Cataclysmic variables (CV) of the AM Her or "polar" sub-class consist of late-type secondary stars in semi-detached orbits around highly magnetic white dwarfs. The secondary loses mass via the L1-point at a rate which is set by the scale height and density of the secondary's atmosphere within the L1-region. The lost matter falls in the potential well of the primary until it is captured by and accreted along the white dwarf 's magnetic field. Strong fields can prevent the formation of an accretion disc, so - without a disc acting as a buffer for the transferred mass - the mass-transfer rate from the secondary nearly equals the instantaneous mass-accretion rate onto the white dwarf, i.e. (the free-fall time is a day).
None of the known polars show signs of nearly constant mass-transfer rates. The optical long-term light curve of the best-observed polar, AM Herculis itself, is shown in Fig. 1. Typical of many polars, there are long periods of up to hundreds of days during which the mass-accretion (and hence mass-transfer) rates are stably either very high or very low, and other times during which the system varies erratically on timescales down to a day. There are no obvious correlations between the appearance or properties of the extreme states and the orbital or magnetic properties of the system (e.g. masses, mass-ratios, orbital periods, magnetic moments).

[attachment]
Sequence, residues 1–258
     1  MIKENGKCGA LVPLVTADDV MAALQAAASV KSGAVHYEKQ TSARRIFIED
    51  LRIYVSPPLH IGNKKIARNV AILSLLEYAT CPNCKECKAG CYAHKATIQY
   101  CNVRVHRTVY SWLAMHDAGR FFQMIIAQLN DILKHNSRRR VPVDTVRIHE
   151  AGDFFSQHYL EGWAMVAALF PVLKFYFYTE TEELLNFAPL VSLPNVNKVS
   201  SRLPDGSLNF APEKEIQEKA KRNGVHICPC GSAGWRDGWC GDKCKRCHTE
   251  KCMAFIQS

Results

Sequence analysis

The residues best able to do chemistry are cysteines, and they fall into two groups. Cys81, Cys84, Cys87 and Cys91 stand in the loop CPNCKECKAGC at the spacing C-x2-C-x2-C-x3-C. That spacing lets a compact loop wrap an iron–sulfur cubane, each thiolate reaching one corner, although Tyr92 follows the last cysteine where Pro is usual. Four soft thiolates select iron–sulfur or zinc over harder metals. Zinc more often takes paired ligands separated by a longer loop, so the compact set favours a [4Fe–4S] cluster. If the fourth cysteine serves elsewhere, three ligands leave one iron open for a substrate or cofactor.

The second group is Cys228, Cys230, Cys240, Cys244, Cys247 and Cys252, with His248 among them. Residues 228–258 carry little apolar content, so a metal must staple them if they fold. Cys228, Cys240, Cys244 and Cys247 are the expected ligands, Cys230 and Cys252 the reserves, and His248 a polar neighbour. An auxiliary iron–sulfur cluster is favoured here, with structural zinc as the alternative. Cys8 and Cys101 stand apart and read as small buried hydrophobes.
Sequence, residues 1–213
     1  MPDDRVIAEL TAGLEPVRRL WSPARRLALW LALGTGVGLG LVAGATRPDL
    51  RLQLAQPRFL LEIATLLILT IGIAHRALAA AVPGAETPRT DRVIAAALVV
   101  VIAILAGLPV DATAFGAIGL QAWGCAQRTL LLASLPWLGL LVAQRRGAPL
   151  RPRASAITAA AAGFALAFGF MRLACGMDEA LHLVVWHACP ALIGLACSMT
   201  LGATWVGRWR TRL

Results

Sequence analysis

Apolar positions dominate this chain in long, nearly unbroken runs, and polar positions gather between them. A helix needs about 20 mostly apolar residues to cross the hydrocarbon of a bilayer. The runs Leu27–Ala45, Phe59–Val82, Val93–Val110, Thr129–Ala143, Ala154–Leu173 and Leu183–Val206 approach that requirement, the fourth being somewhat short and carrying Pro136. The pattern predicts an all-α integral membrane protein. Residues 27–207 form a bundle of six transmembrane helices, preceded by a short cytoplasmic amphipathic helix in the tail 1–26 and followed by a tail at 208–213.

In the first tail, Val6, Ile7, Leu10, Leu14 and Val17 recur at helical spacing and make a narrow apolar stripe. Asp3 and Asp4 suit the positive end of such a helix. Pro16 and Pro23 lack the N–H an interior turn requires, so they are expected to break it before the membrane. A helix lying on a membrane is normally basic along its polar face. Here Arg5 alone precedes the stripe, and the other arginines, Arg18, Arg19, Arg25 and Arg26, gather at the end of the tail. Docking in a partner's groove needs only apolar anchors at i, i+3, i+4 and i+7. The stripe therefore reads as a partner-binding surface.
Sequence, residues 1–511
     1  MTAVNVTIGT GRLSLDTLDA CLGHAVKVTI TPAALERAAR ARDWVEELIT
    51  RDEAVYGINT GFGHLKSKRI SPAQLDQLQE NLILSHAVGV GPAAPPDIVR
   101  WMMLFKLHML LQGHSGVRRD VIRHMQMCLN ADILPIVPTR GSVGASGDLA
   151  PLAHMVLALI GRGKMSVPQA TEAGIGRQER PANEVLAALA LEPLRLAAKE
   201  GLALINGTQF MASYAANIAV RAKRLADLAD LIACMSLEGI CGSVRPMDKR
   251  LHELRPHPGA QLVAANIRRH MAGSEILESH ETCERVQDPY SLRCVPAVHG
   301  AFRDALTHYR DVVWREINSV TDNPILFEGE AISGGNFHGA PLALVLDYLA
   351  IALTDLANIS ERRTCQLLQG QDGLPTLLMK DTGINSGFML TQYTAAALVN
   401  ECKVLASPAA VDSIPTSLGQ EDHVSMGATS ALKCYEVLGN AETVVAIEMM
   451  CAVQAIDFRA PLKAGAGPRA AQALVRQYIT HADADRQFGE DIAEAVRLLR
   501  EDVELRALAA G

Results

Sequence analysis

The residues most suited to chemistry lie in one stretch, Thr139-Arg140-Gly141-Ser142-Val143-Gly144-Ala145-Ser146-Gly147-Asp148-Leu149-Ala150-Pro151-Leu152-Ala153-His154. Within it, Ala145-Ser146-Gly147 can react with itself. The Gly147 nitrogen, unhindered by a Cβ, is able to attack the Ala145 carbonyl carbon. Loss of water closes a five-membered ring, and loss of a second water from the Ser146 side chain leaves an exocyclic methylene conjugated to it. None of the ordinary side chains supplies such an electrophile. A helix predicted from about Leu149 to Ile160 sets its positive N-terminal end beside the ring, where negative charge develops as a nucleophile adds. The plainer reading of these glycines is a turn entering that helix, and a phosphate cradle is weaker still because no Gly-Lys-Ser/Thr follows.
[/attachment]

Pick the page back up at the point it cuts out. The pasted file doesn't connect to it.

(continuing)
Extended "low-states" are seen in a large fraction of all CV's: they occur in all well-observed polars, a sizeable fraction of novalike variables, and in some SU UMa subtype dwarf novae and intermediate polars. The durations of such states range from days to years and occur at irregular intervals. AM Her occasionally drops into low-states within a few days, so that the transition from a higher state to a low-state marks a significant and dramatic change in the accretion behaviour (see Warner 1999 and Hessman 2000 for recent reviews of the phenomenology of low-states). In novalikes, it appears that the extended low-states are created by the combination of very low mass-transfer rates and the heating of the inner discs in systems with hot white dwarfs (Leach et al. 1999).
Livio & Pringle (1994) discuss several models for the origin of mass-transfer (as opposed to mass-accretion) variations and conclude that starspots at the L1-point are the most likely explanation. Given that CV secondaries are rapidly rotating late-type stars with a partially or fully convective inner structure, or dynamos should result in intensive spottedness. In order to maintain pressure equilibrium with the surrounding photosphere, the spots have to have a lower thermal pressure, i.e. a lower temperature and/or density. The density in the spot at the level of the surrounding photosphere and, hence, the mass-transfer rate through such a spot may be lower by several orders of magnitude.
In the next section, we take archival X-ray data and the visual observations of many dedicated amateur astronomers and construct the recent mass-transfer history of AM Her. In the following section, the statistical properties of this history are derived, permitting us to construct a statistical model of the spottedness. Finally, we discuss what physical consequences the simulated spot distribution has for the observed properties of AM Her and other cataclysmic variables.
© European Southern Observatory (ESO) 2000
Online publication: October 10, 2000